Kendrys Morales Declines Qualifying Offer
Kendrys Morales may be a Seattle Mariner next year, but it won’t be on a one year, $14 million contract, as he declined the team’s qualifying offer today and is now a compensation-attached free agent. Scott Boras will look to land him a big money multi-year contract this winter, to which I offer him a hearty good luck. As a rule, I generally try not to doubt that Boras can convince someone to be foolish with their money, but this might be his biggest challenge in a while. Morales isn’t that good and as a DH, his market will be heavily limited, so Boras is going to have to pull a bit of a rabbit out of a hat if he’s going to find a pot of gold for his client.
For the Mariners, they now have three choices:
1. Engage Morales and try to re-sign him to a multi-year contract.
2. Celebrate their new-found draft pick and extra pool allocation, not make Morales another offer, and go find a cheaper player who can provide value at DH without costing them that pick or Boras’ asking price.
3. Settle in for a long game of chicken, keep the DH spot available for Morales but hold firm at a much lower price than Boras is asking for, and simply wait for him to get to the end of the off-season without a significant contract, then swoop in as the hero who will give him a job after a winter of rejection. This is the Adam LaRcohe plan, basically, but hopefully at even a lower price than the Nationals re-signed LaRoche for last winter.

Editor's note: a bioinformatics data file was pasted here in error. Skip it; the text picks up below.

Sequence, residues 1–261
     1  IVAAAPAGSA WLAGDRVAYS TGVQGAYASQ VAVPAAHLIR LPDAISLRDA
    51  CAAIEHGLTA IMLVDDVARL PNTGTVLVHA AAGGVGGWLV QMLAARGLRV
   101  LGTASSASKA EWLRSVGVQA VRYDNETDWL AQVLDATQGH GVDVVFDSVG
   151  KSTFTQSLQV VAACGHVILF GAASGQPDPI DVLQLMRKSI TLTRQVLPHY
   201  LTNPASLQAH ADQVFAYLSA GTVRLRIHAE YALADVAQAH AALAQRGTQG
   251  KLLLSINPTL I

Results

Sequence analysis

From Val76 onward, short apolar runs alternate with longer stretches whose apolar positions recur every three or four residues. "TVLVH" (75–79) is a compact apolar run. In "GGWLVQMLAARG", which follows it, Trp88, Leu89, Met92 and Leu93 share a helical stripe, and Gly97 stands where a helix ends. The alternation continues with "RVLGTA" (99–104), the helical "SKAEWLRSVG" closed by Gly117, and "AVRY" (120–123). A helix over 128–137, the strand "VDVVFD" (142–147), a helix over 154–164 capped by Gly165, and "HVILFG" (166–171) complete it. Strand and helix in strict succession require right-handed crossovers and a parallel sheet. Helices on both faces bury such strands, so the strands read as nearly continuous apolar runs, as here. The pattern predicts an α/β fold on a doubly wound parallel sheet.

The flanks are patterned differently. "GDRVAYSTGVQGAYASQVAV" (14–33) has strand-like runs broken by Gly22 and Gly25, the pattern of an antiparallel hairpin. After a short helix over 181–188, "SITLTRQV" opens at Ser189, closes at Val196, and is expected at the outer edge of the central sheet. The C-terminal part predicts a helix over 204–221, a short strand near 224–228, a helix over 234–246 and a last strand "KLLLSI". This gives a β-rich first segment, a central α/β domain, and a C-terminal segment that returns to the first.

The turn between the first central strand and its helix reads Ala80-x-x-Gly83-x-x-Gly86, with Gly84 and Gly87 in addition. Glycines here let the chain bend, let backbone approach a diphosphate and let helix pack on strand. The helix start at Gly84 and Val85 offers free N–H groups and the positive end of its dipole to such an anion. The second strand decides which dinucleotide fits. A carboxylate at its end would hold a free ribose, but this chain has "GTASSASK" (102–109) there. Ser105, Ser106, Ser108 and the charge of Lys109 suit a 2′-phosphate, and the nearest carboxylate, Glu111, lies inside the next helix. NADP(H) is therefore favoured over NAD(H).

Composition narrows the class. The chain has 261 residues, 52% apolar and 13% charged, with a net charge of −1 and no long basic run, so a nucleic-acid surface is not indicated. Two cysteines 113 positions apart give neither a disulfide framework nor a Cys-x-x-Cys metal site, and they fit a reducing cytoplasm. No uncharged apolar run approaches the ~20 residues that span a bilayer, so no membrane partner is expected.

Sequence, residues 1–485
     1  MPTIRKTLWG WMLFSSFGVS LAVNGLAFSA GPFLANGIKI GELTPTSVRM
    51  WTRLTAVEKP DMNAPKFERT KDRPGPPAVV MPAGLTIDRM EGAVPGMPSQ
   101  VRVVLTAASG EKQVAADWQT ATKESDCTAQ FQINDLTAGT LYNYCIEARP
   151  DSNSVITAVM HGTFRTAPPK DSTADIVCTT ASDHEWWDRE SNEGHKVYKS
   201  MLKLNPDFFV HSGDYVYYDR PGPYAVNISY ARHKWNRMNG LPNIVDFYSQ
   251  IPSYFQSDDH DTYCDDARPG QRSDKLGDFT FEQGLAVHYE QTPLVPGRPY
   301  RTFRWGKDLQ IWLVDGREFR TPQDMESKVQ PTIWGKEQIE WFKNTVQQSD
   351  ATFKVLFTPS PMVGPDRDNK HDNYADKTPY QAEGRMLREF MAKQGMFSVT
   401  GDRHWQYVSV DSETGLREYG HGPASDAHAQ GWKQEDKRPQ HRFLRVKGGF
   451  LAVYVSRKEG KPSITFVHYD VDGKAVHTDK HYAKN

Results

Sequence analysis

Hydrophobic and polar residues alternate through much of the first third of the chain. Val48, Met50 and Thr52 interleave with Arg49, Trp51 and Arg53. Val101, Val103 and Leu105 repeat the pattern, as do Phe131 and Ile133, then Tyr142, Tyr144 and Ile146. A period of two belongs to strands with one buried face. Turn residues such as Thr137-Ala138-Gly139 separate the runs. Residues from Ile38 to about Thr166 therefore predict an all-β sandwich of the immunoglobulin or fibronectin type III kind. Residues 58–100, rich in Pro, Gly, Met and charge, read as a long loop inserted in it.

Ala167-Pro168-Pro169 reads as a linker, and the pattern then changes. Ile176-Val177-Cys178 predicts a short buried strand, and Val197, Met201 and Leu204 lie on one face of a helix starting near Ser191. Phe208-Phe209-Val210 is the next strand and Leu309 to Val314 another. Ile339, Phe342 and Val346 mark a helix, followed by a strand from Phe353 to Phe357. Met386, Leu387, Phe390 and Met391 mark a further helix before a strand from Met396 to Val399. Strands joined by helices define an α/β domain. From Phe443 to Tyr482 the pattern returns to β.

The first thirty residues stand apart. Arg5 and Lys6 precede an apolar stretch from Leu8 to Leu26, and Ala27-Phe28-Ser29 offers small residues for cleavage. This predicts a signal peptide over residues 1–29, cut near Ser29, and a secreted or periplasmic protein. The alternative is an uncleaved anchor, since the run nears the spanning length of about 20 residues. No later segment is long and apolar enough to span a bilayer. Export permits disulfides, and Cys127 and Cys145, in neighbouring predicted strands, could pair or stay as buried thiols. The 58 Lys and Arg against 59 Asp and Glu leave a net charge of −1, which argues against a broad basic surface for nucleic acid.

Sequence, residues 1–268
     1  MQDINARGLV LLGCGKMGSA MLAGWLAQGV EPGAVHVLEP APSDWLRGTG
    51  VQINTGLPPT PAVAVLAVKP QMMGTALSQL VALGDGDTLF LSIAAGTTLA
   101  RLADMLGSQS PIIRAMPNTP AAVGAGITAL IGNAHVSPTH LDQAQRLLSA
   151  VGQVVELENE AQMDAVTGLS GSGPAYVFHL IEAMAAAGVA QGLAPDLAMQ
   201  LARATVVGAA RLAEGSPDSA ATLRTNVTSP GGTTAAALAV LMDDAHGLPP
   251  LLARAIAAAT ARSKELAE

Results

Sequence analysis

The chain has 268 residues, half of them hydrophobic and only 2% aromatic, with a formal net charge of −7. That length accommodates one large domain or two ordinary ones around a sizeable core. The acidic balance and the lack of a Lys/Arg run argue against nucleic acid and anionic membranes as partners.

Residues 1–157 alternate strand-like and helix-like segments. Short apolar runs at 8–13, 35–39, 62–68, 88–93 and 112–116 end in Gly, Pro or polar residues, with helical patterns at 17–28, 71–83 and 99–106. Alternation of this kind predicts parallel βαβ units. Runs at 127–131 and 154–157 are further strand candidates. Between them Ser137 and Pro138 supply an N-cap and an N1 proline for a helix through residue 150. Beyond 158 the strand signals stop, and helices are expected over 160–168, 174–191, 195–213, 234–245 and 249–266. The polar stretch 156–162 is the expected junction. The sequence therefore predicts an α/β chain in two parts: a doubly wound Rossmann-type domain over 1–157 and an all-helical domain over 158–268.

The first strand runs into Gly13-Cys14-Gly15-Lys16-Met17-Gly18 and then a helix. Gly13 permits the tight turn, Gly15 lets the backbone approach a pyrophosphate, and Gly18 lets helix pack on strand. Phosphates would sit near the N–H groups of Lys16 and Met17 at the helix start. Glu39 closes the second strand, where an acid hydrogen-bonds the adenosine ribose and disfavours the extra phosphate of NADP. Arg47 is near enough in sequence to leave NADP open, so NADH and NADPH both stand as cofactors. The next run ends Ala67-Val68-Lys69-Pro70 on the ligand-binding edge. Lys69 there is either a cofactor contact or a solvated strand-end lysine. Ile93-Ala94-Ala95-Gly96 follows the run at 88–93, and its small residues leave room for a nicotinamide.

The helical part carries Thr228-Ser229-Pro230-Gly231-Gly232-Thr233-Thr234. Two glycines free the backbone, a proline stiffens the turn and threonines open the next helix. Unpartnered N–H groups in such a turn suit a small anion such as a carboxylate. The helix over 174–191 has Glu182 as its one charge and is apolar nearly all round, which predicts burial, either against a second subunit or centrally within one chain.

Personally, I’d go for door #2. It’s just not that hard to find a player who can produce at something close to Morales’ level, and the pick should have significant value to the team, especially if they punt a pick or two (as expected) in pursuing free agents this winter. While people will say that the Mariners are at the point where they need to start prioritizing winning now over the future, the reality is that you always prioritize both, and undervaluing a draft pick just because the team has spent years rebuilding with little success is silly. The pick has value, and it shouldn’t just be frittered away because people aren’t willing to see that there are a lot of guys in baseball who can perform about as well as Kendrys Morales.
Door #3 wouldn’t be an awful strategy, though it would leave them open to the possibility that Boras never does back off his ridiculous demands and they end up watching better alternatives get acquired while hoping for a potential ending that might not ever develop. Door #1 is the one to be afraid of, as its pretty easy to see the team trying to sell an off-season of Ellsbury, Morales, and free agent pitchers as the Winter of Hope and Dreams. That plan kind of sucks though, and it’s the one to root against.